Another benefit of the pre-planned study break is the ability to return to your work refreshed and ready to go . However, one article notes that only social media or internet-based breaks may not be enough to allow you to return to your studies energized . Instead, the authors suggest more physically engaging activities, such as taking a walk outside (not just a couple laps around the library), organizing the stuff piling up around you, taking a shower, or even just chatting with a friend about something unrelated . All of these options allow you a short reprieve from the studying that lies ahead and allows you to escape the computer screen for a bit .
Even with a study break and the most organized list possible, I will find that my mind wanders onto other things. Controlling “internal distractions” is also necessary to make the most of your study time . These internal distractions can be defined as any internal stimuli (like thoughts, memories, or even conflicts) that act as diversions or aberrations from the task at hand . These internal distractions can be taken care of through a variety of ways. The list to leave any pressing thoughts that pop up, sometimes referred to as a “parking lot”, is one way that you may already be employing . Perhaps in order to manage these internal distractions, you need to have something to drown out your own thoughts—like background noise or music (both Spotify and YouTube have excellent playlists of focusing music) . Offering strategies on how to handle these internal stimuli is even more subjective than these other general focus tips. In order to find what will work the best for you in terms of controlling internal distractions , you may need to spend some time consciously getting to know yourself and your study habits first.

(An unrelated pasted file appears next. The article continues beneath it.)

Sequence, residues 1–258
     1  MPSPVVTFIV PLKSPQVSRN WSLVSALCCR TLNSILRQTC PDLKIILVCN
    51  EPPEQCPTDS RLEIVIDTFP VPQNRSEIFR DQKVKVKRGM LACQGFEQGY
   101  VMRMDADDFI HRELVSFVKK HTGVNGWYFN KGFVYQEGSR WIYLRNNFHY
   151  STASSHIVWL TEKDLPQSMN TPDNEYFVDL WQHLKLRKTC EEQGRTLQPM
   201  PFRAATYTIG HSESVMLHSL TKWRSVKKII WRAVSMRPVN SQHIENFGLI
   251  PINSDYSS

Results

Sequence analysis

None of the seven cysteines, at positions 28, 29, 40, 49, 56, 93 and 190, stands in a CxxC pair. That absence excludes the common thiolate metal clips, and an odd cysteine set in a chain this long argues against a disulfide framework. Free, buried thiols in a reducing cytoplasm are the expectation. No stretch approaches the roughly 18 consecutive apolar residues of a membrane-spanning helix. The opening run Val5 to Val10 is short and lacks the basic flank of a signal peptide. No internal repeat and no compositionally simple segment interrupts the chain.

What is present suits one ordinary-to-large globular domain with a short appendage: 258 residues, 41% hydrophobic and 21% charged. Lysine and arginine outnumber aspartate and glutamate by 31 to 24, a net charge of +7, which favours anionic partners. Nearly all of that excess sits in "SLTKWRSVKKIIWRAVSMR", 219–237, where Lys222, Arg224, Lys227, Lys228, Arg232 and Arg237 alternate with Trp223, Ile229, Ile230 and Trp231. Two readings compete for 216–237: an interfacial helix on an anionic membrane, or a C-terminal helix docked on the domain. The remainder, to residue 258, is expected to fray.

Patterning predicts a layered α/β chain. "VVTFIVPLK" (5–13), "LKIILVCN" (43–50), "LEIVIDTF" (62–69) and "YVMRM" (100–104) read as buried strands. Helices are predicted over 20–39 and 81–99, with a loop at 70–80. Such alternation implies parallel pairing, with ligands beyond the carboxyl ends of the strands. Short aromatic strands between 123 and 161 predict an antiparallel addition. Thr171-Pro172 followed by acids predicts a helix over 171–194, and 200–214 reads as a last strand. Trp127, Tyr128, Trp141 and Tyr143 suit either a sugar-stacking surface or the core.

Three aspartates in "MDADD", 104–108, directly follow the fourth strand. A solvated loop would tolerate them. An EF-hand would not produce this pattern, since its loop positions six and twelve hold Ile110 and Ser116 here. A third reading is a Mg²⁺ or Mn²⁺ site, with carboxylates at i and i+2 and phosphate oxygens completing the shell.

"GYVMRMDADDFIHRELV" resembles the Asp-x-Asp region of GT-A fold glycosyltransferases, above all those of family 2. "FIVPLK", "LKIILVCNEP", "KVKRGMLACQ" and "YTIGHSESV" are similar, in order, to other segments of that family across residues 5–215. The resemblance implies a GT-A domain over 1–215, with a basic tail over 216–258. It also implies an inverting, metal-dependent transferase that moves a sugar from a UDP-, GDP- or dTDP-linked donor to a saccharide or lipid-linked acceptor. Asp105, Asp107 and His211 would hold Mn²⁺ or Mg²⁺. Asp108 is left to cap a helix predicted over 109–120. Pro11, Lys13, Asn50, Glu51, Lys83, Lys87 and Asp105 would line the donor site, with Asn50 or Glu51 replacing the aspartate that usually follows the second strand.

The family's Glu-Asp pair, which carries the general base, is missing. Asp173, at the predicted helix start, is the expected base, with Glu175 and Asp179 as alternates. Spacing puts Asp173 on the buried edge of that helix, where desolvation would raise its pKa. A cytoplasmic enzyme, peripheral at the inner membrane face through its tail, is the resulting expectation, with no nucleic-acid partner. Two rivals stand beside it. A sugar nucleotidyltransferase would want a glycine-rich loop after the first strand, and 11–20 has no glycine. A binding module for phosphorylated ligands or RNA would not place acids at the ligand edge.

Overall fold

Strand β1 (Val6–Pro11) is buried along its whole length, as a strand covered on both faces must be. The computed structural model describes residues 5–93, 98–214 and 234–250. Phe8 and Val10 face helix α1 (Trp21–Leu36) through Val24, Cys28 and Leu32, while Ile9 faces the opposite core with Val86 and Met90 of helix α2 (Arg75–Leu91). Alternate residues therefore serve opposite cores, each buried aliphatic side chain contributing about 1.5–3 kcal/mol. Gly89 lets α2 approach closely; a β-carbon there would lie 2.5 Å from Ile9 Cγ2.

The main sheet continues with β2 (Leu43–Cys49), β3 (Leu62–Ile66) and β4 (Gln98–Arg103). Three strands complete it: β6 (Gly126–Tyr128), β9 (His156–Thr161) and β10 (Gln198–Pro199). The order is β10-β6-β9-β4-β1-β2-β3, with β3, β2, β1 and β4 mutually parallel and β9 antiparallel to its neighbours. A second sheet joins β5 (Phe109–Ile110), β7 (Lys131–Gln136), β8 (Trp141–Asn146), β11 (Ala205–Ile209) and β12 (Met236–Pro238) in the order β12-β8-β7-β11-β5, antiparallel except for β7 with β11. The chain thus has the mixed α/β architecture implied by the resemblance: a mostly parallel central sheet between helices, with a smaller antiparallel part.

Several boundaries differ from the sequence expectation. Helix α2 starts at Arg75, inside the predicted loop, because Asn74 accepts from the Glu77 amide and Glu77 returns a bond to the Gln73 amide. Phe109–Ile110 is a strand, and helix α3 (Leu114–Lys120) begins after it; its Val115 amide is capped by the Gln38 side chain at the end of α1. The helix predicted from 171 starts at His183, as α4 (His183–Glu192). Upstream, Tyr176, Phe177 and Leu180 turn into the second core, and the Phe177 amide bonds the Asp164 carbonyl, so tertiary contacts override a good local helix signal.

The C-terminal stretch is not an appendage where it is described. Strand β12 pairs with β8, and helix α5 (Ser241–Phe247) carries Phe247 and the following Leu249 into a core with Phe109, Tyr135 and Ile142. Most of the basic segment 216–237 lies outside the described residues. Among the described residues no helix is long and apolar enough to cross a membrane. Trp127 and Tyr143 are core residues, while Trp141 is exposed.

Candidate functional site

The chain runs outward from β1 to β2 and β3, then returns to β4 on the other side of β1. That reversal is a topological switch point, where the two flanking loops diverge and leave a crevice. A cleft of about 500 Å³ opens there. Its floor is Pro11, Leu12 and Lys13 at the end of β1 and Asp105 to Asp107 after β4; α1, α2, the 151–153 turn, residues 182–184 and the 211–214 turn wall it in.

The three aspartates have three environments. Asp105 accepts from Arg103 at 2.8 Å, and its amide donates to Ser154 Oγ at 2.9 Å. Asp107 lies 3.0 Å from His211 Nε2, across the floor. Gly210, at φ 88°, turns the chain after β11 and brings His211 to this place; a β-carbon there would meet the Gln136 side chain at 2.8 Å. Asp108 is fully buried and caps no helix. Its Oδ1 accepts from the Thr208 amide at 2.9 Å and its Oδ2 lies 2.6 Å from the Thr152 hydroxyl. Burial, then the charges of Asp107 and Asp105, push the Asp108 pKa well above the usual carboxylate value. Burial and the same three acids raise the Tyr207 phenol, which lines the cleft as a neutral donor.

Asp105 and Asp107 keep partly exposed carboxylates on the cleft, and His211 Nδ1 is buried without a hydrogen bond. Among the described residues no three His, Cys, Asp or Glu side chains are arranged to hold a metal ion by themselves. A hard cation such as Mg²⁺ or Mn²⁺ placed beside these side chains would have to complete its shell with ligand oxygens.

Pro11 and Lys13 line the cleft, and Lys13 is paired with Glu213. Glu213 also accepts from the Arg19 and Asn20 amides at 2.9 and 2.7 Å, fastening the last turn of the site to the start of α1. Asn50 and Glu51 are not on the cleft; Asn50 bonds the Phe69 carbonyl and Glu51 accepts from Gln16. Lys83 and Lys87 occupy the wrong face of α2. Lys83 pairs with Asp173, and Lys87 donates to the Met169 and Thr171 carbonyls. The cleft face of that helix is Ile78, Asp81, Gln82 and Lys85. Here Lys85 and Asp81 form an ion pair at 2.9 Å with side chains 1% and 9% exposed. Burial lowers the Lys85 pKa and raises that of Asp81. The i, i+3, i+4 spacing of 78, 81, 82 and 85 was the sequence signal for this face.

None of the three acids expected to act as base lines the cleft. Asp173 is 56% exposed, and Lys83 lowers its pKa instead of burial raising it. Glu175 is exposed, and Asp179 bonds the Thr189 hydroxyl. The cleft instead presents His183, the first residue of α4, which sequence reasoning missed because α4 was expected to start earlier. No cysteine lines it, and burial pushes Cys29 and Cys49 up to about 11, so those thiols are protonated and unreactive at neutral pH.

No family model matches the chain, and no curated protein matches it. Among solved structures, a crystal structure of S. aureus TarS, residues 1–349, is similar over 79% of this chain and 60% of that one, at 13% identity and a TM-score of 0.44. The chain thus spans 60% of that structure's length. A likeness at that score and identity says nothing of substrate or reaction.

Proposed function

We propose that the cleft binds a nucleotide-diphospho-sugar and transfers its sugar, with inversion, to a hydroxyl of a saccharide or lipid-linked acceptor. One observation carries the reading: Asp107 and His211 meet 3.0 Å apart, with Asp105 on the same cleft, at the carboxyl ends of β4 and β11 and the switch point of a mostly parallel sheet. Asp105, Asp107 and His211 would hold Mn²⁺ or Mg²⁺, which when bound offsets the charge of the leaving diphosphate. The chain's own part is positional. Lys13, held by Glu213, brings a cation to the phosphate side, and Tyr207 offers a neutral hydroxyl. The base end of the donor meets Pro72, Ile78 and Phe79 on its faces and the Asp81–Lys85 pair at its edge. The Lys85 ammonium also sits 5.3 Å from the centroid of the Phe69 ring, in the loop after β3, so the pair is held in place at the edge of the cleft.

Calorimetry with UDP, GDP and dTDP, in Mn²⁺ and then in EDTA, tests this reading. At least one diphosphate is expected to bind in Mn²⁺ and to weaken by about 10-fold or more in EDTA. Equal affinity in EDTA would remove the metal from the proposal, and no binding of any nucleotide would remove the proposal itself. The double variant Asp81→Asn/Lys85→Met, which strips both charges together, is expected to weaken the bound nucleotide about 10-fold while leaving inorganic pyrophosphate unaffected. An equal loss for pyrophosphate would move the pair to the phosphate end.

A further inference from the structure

Sometimes outside of regulating ourselves, we still need an external supervisor. Thankfully, some application developers have us in mind . There have been several (free!) apps and extensions developed to help people like me (and a good proportion of the population) study more effectively by removing the temptations of social media . These applications and extensions typically work in similar ways; by disabling access to whatever websites that you need “taken away” so that you can work . Macintosh users can try the app “SelfControl” , and people using Google Chrome can also install the extensions “StayFocusd” or “I-Am-Studying” .
The demands on students seem to be greater now than they have been before, simply because we are living in the age of information. The need to be connected is ubiquitous. However, the same method through which we access so much information can also serve as a massive distraction. Implementing these focusing strategies can help you take more advantage of all of the data at your disposal while better blocking out the digital distractions!
Now, that’s enough time perusing a blog—get back to studying!